The Harvard Health Publishing (www.health.harvard.edu) points out very clearly that sleep and mental health are connected closely. The lack of sleep can affect your psychological state and mental health and many who do suffer mental health problems are more likely to have insomnia or other sleeping disorders.
Sleep can affect mental health in ways such as mood changes which can leave us feeling irritable and depressed as well making it much more difficult to cope with minor stress. More severe effects of lack of sleep can include psychotic symptoms. ADHD and eating disorders are also associated with sleep problems (verywellmind.com)
So how much sleep do we need?
The Australian Institute of Health and Welfare (aihw.gov.au) provides a great summary and suggest that as people get older, they tend to need less sleep to support their health (Sleep Health Foundation 2015). Interestingly there is no formal guidelines on sleep for adults in Australia’s Physical Activity and Sedentary Behaviour Guidelines (Department of Health 2017, 2019a) but based on international guidelines (Hirshkowitz et al. 2015), Australia’s Sleep Health Foundation (2015) recommends the following for adults:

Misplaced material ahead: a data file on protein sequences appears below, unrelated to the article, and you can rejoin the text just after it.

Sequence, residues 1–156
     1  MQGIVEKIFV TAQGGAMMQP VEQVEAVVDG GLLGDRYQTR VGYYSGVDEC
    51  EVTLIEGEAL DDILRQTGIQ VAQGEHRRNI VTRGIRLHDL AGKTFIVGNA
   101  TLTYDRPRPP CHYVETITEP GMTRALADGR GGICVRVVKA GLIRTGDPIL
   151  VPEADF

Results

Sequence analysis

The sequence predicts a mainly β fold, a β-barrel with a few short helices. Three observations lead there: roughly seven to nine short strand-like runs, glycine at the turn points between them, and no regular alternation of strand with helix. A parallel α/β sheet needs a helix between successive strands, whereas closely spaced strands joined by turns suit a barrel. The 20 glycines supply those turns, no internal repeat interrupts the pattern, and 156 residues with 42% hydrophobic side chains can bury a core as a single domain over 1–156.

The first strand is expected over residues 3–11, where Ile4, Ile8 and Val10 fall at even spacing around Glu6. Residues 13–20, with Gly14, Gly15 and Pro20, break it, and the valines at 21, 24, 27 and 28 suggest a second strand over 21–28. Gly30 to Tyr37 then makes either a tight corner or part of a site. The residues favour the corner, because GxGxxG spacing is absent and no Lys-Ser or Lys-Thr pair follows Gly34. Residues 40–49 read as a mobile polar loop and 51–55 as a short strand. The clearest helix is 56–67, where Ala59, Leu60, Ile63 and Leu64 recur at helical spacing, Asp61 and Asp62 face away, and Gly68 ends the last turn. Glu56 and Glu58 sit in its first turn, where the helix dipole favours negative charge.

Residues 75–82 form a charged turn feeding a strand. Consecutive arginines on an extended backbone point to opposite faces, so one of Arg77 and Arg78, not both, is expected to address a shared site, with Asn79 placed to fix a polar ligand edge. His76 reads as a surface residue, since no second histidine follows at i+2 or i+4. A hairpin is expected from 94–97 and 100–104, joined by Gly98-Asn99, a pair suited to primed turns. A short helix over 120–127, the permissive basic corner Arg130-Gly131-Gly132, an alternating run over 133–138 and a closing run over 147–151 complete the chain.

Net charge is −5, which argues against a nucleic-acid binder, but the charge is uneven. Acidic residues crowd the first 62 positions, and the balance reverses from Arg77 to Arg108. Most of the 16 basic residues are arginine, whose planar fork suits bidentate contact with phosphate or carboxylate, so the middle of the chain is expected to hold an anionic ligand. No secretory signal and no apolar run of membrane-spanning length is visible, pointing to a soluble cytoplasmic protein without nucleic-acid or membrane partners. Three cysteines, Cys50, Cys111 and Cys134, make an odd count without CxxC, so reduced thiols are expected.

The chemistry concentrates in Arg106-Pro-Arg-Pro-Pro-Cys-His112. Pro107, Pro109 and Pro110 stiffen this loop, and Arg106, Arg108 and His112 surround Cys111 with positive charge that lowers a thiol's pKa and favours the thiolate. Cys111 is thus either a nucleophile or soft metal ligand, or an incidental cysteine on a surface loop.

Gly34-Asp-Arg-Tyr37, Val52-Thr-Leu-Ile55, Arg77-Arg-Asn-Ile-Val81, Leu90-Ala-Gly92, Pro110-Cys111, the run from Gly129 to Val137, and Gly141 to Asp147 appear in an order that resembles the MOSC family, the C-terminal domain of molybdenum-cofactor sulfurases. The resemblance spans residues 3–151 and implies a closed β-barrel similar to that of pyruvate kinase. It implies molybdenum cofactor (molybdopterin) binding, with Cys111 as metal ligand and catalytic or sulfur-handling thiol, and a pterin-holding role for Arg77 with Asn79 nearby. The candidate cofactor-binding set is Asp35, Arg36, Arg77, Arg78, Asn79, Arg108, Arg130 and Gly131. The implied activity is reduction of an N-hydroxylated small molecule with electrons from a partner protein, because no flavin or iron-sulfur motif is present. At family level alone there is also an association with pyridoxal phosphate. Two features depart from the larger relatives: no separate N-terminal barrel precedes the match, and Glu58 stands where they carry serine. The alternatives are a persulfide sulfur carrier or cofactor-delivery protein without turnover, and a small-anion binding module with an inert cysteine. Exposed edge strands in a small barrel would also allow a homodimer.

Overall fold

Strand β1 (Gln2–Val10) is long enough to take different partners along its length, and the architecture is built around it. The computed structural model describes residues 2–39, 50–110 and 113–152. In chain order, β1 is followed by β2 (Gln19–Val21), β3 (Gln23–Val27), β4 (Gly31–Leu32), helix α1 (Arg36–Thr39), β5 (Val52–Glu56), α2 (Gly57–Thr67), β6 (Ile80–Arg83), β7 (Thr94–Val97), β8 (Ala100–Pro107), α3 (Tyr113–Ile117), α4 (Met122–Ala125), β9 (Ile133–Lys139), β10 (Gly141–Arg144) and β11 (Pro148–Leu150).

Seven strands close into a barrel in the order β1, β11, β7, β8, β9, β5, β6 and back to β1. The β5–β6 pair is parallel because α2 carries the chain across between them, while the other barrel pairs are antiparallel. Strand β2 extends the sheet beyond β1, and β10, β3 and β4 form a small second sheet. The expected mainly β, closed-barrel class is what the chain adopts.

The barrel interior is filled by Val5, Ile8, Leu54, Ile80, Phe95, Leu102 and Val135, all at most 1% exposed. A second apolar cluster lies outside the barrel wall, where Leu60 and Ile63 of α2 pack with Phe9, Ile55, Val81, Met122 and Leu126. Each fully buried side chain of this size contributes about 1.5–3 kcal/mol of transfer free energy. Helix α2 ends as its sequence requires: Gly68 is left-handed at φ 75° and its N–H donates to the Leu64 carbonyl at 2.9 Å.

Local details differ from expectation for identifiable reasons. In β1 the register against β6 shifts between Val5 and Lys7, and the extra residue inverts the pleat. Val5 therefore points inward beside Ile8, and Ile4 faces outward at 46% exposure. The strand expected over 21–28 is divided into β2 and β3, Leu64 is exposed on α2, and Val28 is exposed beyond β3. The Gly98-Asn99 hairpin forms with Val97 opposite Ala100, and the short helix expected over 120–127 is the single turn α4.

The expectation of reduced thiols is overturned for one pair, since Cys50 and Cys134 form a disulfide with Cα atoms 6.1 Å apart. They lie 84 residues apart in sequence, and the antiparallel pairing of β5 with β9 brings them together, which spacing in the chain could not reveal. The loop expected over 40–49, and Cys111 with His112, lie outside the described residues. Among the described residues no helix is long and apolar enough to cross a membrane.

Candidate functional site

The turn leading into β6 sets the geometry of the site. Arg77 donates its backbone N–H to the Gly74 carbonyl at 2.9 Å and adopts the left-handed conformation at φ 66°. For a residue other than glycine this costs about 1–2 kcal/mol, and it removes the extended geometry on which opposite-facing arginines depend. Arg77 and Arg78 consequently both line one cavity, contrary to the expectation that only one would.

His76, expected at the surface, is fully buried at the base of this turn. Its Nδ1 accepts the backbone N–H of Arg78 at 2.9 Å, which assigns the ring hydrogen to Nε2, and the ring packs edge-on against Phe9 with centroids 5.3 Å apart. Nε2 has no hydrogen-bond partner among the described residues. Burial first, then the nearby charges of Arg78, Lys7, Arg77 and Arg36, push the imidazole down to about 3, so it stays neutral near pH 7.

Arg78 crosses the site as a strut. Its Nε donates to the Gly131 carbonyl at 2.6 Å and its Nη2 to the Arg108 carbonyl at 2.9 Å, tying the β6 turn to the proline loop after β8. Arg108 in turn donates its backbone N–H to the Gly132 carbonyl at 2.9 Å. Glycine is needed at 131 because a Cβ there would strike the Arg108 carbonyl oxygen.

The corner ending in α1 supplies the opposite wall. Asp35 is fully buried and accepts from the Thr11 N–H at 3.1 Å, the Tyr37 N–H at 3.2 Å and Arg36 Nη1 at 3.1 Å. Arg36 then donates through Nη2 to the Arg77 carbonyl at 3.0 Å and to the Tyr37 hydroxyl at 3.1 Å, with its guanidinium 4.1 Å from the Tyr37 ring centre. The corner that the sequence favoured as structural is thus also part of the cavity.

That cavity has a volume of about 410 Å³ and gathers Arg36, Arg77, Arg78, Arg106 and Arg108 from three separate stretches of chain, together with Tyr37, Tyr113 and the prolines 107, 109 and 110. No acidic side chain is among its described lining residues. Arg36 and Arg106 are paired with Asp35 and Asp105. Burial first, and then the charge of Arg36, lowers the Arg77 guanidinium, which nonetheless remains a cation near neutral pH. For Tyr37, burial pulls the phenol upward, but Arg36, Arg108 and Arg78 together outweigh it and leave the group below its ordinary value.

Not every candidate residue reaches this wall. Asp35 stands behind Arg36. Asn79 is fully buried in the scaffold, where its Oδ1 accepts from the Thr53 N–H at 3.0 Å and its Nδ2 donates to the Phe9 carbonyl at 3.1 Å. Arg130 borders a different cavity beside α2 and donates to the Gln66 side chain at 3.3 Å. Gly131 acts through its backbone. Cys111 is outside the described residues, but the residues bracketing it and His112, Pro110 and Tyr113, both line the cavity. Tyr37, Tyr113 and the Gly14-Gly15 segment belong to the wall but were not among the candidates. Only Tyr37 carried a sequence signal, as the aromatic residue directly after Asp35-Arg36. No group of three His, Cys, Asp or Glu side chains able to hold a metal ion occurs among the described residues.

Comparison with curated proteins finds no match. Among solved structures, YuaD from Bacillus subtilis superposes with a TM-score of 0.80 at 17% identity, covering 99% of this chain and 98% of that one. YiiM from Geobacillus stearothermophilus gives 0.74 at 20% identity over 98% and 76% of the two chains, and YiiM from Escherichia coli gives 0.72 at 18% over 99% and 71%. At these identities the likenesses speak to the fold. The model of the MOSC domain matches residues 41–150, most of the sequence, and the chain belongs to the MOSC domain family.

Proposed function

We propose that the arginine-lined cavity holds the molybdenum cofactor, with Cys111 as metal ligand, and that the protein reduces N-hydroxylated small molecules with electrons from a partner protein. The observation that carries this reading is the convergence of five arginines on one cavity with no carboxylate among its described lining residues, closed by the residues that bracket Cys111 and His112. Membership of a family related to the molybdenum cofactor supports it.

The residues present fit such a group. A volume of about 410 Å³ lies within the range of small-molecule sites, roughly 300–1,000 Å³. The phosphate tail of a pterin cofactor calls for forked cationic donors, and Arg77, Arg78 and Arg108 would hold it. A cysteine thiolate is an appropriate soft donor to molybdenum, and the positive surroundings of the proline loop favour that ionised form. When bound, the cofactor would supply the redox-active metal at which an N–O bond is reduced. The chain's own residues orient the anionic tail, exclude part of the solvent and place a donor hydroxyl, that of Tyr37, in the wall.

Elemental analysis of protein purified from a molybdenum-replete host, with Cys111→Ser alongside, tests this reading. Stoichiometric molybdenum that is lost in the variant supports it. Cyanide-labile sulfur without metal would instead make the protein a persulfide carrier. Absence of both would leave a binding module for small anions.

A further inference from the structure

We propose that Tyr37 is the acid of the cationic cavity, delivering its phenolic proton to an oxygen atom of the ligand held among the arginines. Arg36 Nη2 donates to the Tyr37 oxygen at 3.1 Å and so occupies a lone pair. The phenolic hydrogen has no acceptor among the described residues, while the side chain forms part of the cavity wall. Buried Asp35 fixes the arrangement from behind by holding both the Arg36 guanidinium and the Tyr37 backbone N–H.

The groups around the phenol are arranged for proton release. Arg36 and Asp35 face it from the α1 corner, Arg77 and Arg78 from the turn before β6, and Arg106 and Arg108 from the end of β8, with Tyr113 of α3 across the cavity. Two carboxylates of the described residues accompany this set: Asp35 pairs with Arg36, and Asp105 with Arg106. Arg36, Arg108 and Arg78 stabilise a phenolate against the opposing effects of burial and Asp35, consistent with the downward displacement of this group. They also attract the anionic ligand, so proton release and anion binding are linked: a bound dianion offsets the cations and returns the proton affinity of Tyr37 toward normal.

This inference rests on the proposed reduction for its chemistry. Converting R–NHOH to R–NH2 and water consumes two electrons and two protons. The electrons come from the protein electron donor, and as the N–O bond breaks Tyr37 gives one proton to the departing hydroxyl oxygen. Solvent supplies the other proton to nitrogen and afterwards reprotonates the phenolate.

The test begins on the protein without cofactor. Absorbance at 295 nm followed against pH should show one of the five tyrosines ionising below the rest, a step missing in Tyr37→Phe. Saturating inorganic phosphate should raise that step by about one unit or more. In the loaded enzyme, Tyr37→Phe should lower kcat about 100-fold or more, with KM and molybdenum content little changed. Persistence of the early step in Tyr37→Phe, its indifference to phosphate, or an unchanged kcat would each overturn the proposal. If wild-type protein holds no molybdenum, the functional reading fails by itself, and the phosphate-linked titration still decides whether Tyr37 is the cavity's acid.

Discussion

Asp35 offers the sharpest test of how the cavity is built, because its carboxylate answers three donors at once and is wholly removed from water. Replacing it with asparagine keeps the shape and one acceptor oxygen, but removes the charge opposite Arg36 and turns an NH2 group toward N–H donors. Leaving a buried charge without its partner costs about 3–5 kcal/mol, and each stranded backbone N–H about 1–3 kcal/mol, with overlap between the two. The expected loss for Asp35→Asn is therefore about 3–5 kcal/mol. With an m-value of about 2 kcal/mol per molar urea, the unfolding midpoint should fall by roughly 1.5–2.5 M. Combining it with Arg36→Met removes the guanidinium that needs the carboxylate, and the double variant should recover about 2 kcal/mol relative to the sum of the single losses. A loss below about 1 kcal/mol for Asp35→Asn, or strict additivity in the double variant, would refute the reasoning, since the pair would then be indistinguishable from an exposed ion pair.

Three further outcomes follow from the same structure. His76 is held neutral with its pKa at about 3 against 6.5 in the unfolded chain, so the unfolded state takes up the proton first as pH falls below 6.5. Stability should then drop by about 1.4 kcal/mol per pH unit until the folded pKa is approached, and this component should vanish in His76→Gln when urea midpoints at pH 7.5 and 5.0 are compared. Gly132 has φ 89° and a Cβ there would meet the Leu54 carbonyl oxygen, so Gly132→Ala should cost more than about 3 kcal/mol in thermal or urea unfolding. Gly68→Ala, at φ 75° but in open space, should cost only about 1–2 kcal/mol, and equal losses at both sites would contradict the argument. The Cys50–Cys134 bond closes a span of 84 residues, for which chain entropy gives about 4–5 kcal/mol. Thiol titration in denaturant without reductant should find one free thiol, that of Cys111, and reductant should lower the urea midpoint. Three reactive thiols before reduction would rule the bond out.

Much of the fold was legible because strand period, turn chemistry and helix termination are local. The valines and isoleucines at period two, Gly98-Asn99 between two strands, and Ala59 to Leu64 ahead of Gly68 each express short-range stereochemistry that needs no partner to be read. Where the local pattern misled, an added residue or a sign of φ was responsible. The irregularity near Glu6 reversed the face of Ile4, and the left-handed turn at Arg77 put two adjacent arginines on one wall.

- 7–9 hours for 18–64-year-olds
- 7–8 hours for people aged 65 and over
- Children and young people According to the 24-Hour Movement Guidelines (Department of Health 2017, 2019a), children and young people need 8 to 17 hours of sleep a day
So, what do we need to start doing to help us with our Sleep?
I have tried countless remedies and read countless studies and reports, and while there are varying opinions, and let’s face it we are all unique for what will work for us, there does appear to be some universal opinions on what contributes to a better sleep.
- First and foremost, you need to understand the importance of sleep on your body and mind and prioritize it!
- Turn off all technology devices 1 hour before you go to bed
- Be consistent and get up at the same time every morning and don’t press that snooze button – it is counterproductive
- Drink as a minimum 4 glasses of water through the day and ensure you do at least 30 minutes of exercise every day to stimulate the brain
- Try meditation as a way of getting you to replace and fall asleep
While like many things in our lives, we can sometimes get so consumed with the day to day, the focus on the ‘business’ of it all that we fall into patterns, that affect us, yet we don’t do anything about it. This is my experience anyway!
Many things are considered a priority in our lives, but what we can control and what can help us make our lives better and clearer, should be a priority. I have worked really hard on myself (still a long way to go) but getting some form of consistent sleep has been so important for me as I understand how it affects my moods, general health, my focus at work, my ability to be present with my daughter and just that ‘spark’ for life. While I am not there yet, I definitely experience more good nights of sleep now that I ever had focusing on most of the points I just highlighted.